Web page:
About: this is a perennial with small white bulbs underground and grass-like leaves that smell distinctly like onion when crushed. A delightful white, bell-shaped flower with green stripes emerges in spring. This may be seen as a troublesome plant but it dies down completely in summer.

Uses: when it emerges in autumn it can be eaten in soups and chopped up in scrambled eggs. Being in the onion family, it is antimicrobial and contains sulphur – giving it the ‘onion’ smell – which acts as a digestive system tonic and stimulates the circulatory system. It also contains chlorophyll, fibre, antioxidants, vitamins and minerals.

8. Purslane (Portulaca oleracea)

Distribution: common in the northern North Island, decreasing as you head southwards

About: grows in dry, waste places, gardens, farm gateways and bare ground. Purslane has been used as a food and medicine for over 2000 years. It is an annual that grows low to the ground with a deep taproot, and has reddish, branching stems and teardrop-shaped fleshy leaves. The flowers are small and yellow. The succulent, drought-tolerant leaves have a sour, refreshing taste and contain the highest plant source of Omega-3 fatty acids which are anti-inflammatory and immune-strengthening.

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Uses: eating purslane as a food gives access to the 92% water in the leaves which is alkaline, full of life-enhancing enzymes, vitamins and minerals. The mucilaginous juice can be applied to sunburn, cuts and skin irritations.

To ensure you have it all year round you can pickle it: fill a sterilised jar with purslane, lightly packed in, add some salt, pepper, garlic (optional), and honey.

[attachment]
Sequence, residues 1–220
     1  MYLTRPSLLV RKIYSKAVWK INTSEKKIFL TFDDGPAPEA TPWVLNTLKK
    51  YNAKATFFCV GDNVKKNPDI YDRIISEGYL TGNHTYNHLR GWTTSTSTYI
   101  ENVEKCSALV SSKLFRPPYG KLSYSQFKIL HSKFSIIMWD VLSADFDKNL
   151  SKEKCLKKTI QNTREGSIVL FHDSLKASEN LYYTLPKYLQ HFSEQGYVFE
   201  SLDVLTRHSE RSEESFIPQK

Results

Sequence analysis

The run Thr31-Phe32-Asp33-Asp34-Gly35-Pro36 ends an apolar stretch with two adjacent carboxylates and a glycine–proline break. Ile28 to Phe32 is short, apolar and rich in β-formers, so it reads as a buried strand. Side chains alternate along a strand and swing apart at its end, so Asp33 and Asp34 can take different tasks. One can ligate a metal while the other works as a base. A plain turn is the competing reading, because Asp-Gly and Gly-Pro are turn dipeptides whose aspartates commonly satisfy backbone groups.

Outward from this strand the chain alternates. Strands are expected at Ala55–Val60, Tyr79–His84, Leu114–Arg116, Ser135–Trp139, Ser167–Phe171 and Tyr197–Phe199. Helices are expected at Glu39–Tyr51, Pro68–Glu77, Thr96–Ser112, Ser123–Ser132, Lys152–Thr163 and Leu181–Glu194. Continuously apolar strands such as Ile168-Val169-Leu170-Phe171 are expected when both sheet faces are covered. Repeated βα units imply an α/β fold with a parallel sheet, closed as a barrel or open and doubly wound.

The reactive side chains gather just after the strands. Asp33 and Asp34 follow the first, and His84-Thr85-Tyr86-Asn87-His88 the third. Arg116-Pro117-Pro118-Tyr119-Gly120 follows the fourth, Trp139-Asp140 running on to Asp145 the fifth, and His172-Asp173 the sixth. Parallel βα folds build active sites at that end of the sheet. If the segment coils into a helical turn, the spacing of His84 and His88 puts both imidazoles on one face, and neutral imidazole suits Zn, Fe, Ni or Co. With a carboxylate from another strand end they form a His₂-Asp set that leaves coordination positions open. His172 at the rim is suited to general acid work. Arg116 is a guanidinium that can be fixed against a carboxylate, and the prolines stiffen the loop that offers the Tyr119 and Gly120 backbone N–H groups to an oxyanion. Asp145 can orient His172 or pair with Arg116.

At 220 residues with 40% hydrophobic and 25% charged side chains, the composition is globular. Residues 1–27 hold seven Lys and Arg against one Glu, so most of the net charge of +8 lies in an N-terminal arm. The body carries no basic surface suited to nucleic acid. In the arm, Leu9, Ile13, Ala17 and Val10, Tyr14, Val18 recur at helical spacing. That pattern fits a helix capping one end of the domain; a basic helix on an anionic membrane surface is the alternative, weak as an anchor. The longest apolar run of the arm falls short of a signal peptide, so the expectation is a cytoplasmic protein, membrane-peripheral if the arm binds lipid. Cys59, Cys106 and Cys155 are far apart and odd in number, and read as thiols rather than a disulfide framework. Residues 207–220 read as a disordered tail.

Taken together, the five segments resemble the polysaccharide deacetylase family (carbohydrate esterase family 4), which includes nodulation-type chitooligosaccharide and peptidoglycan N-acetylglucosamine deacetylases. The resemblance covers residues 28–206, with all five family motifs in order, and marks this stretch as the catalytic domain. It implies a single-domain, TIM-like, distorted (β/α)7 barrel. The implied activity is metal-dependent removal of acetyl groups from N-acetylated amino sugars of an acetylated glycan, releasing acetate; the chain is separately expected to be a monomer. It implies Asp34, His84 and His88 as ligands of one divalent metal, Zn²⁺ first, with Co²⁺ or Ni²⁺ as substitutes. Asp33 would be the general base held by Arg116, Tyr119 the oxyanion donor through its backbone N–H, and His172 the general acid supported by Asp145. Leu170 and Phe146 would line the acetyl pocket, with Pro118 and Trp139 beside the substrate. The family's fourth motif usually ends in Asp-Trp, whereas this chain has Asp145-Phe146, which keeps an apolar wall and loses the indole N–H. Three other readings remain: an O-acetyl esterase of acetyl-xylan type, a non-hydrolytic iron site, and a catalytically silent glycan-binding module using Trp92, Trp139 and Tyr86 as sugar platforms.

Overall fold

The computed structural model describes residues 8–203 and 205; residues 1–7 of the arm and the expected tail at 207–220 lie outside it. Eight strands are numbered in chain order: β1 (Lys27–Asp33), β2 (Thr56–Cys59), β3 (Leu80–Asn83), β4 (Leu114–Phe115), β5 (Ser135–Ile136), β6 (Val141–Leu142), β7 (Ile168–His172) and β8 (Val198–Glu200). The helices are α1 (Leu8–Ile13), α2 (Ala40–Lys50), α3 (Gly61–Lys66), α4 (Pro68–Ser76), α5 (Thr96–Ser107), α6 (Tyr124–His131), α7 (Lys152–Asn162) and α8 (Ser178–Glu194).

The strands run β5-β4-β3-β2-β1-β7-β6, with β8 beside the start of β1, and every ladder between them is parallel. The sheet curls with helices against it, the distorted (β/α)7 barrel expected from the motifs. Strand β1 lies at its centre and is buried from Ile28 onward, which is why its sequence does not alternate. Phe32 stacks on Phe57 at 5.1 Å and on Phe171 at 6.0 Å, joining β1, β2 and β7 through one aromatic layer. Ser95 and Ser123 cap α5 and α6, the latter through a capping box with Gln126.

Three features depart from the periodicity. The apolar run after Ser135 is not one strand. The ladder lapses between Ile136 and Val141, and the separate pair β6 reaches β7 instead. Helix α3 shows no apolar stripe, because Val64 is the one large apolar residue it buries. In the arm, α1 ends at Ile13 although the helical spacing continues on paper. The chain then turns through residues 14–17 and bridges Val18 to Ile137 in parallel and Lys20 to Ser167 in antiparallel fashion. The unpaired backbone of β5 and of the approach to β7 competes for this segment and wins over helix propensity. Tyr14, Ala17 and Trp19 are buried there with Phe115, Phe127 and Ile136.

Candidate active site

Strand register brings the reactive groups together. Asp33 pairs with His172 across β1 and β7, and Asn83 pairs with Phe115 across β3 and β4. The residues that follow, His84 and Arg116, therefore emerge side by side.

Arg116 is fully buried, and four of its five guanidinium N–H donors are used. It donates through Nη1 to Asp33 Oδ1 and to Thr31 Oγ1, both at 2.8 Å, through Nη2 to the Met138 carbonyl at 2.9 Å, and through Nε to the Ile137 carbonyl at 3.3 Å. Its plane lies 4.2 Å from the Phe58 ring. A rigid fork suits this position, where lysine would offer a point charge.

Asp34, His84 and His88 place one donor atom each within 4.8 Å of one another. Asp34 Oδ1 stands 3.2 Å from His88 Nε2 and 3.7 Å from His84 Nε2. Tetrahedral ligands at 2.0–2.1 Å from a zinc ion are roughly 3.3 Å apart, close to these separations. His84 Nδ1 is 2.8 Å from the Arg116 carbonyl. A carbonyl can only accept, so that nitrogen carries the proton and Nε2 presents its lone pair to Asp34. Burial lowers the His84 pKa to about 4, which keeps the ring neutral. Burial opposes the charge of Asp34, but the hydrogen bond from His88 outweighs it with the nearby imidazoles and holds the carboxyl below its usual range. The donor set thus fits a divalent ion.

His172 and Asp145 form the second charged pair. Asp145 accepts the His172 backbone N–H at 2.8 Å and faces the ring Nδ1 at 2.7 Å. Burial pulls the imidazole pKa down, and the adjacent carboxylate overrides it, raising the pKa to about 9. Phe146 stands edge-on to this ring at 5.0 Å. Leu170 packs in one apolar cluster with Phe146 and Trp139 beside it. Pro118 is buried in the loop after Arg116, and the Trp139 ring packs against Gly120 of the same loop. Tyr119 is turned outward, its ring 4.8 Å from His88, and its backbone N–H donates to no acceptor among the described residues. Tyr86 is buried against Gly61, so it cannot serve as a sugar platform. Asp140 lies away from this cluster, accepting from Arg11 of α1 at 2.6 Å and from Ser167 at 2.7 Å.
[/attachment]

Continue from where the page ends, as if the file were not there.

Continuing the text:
Fill the jar with cider vinegar, then place on the lid. Keep at room temperature for a week and then move it to the refrigerator and keep there until eaten. This is a delightful pickle-like side garnish for most recipes.


9. Oxeye Daisy (Leucanthemum vulgare)

Also known as: marguerite daisy
Distribution: abundant all over NZ

About: a pretty perennial garden escapee that grows along roadsides in summer with bold white, yellow-centred flowers.

Uses: the spoon-shaped leaves of the young plant (not once it has gone to flower) in autumn/winter are very tasty additions to salads and smoothies. The flowers can also be eaten as fritters or to garnish a dish.

Medicinally they have been used to treat whooping cough, asthma, as a tea to calm nerves, and for soothing conjunctivitis of the eyes. The leaves have been used to treat bruises, wounds and ulcers. This plant also attracts beneficial insects like the mason bee (wasp).


1 handful of oxeye daisy
greens, chopped
2 garlic cloves, crushed
14 cherry tomatoes, quartered
1 tsp red wine vinegar
olive oil
salt & pepper
crusty bread

You want ripe cherry tomatoes at room temperature. Place in a bowl, then add the crushed garlic and red wine vinegar and mix together, then season with salt and pepper.

Leave to stand for 15 minutes. Slice your crusty, rustic bread into portions, and lightly toast, then drizzle with olive oil. Top with the tomato and oxeye daisy mix. Serve immediately as a light lunch snack. A slice of a tasty cheese on top is a delicious optional extra.

10. Self-heal (Prunella vulgaris)

Also known as: all-heal, cure-all, woundwort, sticklewort
Distribution: common throughout NZ

About: Culpepper (1616-1654) called it self-heal because ‘when you are hurt, you may heal yourself’. This perennial is found growing in damp lawns, lime-deficient pasture, forest margins and clearings where it makes a colourful ground cover, with delightful purple flowers that stand up above the leaves.

Uses: healing cuts, bruises, minor burns, as a gargle for sore throats and a mouth wash for bleeding gums or mouth ulcers. Research has also shown that it helps lower high blood pressure. It contains high levels of antioxidants.

I love to use the little leaves and flowers in salads of mixed greens and in my smoothies. They can also be used fresh or dried as a herb tea, either on their own or with other herbs like calendula flowers, mint or lemon verbena.


5 native plants to forage in New Zealand (and how to benefit from them)

Additional forage food recipes from In Your Backyard: Urban Harvest

NZ Life and Leisure This article first appeared in NZ Lifestyle Block Magazine.